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Mike Pompeo Seeks to Stop Sri Lanka’s Slide to China

Posted by harimpeiris on November 5, 2020

By Harim Peiris

(Published in Groundviews on 03rd November 2020)

US Secretary of State, Mike Pompeo, was in Sri Lanka last week as part of his Asian tour that included regional power India as well as the Maldives. Coincidently his visit came not too long after one by former Chinese Foreign Minister Yang Jiechi to Colombo. It was also on the eve of the November 3 presidential elections in the US, which will determine if the Trump Administration is re-elected for a second term or if the Democrats take the White House under Joe Biden, President Obama’s former Vice President.

Regarding Sri Lanka the American diplomats, never known for their subtlety, were unusually blunt even by their own standards. Days before departing for their Asian tour, delegation member Assistant Secretary for South and Central Asian Affairs Dean Thompson, stated that the US would “urge Sri Lanka to make the difficult but necessary choices” on its economic and development partners. Although not mentioning China by name, the inference was clear. Goaded, the Chinese Embassy in Colombo, proving that beneath the benign smiles and frequent bowing of its diplomats lay very thin Asian skins, had the audacity to issue a statement that declared, among other reasons, that because Sri Lanka was dealing with the Covid-19 pandemic, we really shouldn’t be troubled at this time with a visit by the US delegation. So much for poor Minister Dinesh Gunawardena, the ostensible host of the visit.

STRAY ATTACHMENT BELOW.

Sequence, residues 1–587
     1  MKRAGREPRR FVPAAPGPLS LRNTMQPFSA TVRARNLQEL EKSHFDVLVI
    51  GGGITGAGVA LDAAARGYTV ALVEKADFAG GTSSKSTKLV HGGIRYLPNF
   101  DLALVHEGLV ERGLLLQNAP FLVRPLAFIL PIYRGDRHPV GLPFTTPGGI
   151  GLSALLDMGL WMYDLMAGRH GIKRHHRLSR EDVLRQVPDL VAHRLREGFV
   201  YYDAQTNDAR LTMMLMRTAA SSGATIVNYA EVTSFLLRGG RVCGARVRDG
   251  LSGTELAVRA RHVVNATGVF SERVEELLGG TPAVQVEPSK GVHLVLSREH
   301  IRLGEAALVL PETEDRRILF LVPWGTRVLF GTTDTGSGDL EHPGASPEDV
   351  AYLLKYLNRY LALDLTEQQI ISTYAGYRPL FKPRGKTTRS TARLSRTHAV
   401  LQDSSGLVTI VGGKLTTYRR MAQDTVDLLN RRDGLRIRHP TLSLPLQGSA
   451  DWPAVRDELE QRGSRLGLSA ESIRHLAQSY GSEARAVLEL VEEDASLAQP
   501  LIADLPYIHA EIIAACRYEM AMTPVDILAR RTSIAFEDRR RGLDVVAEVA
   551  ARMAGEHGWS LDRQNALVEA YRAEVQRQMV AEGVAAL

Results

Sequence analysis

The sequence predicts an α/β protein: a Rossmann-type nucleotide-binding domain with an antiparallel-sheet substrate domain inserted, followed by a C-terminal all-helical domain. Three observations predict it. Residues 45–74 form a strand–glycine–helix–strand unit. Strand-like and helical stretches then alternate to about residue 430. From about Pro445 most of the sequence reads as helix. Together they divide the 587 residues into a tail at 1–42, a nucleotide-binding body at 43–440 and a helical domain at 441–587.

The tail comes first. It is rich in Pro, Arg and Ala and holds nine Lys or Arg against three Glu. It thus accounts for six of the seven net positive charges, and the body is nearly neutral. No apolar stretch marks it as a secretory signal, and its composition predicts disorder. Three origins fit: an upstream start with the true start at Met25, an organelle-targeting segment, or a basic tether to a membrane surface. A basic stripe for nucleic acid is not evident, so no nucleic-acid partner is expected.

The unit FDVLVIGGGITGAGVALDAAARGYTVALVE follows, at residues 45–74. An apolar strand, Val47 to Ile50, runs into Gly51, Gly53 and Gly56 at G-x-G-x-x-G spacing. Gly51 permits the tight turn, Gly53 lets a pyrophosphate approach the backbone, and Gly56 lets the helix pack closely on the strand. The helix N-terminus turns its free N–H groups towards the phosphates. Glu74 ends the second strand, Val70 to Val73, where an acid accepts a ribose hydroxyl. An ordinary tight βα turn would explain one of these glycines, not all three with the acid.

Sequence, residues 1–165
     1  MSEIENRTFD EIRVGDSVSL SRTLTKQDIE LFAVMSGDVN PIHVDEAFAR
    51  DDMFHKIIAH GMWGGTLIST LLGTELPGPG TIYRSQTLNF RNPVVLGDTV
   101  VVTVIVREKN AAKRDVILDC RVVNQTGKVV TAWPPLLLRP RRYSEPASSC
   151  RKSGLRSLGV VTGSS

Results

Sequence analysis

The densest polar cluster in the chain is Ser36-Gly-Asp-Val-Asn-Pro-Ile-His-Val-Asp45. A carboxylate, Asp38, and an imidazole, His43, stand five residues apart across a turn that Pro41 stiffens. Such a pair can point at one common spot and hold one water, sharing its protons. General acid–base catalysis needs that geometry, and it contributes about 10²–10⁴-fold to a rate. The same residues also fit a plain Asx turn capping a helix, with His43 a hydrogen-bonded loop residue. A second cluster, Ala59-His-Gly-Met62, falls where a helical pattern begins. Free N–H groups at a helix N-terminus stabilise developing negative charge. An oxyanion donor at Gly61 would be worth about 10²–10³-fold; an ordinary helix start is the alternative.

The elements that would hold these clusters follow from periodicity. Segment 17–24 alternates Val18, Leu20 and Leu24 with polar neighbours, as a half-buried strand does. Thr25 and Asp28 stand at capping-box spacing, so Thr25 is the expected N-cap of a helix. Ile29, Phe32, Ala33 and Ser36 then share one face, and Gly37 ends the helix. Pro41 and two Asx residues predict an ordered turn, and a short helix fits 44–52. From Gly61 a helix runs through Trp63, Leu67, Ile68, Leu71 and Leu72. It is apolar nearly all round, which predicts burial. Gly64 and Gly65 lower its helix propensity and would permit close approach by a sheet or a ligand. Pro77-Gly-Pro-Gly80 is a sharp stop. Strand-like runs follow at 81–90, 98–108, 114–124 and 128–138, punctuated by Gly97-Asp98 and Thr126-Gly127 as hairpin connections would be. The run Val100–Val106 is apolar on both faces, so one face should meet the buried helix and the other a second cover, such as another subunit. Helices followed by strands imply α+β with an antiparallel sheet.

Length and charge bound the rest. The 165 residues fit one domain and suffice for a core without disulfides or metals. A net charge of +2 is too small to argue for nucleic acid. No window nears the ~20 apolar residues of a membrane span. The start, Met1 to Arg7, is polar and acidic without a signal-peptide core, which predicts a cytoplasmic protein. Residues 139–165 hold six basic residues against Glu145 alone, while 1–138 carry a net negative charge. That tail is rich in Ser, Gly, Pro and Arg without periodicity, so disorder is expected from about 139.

The US is the world’s largest economy and is Sri Lanka’s single largest export market. The EU is larger but that is made up of many nations. Over the past many decades, the US has provided more than US$ 2 billion in aid through various USAID projects while the multilateral institutions it effectively controls, such as the World Bank, have provided much more. Our export driven economy is quite dependent on its key export markets and we ignore their concerns at our own economic peril.

The focus of the US visit, being firmly fixed on Sri Lanka’s growing dependence and indebtedness to China, had largely to do with the Rajapaksa Administration’s foreign policy, which is viewed in global capitals and certainly in both Washington D.C. as well as New Delhi, as being solely and overly reliant on Beijing. This is a major departure from decades of Sri Lanka’s foreign policy that has always been a balanced neutral and non-aligned foreign policy, which was principled as well as pragmatic. Perhaps the best articulator of that policy in recent years was former Foreign Minister Lakshman Kadirgamar and, in an earlier era, Prime Minister Sirimavo Bandaranaike, who cultivated a personal friendship with the Gandhi family in India but also succeeded in having the Chinese gift Sri Lanka the BMICH that enabled us to host the 5th Non-Aligned Nations Summit in 1976. A truly neutral non-aligned policy that served Sri Lanka well.

The world is changing from a unipolar world dominated by the US to a more multi polar world in which the Chinese, as well as other powers such as India and Russia, have real interests, strategic and economic as well as security, outside their own borders. Sri Lanka as a small nation and hence a threat to none but blessed with a strategic location and a highly literate population can, in our post-civil conflict era, well benefit from the various economic opportunities that arise thereby. However, this does mean that we must have a balanced foreign policy, as indeed we have had for much of our post-independence period.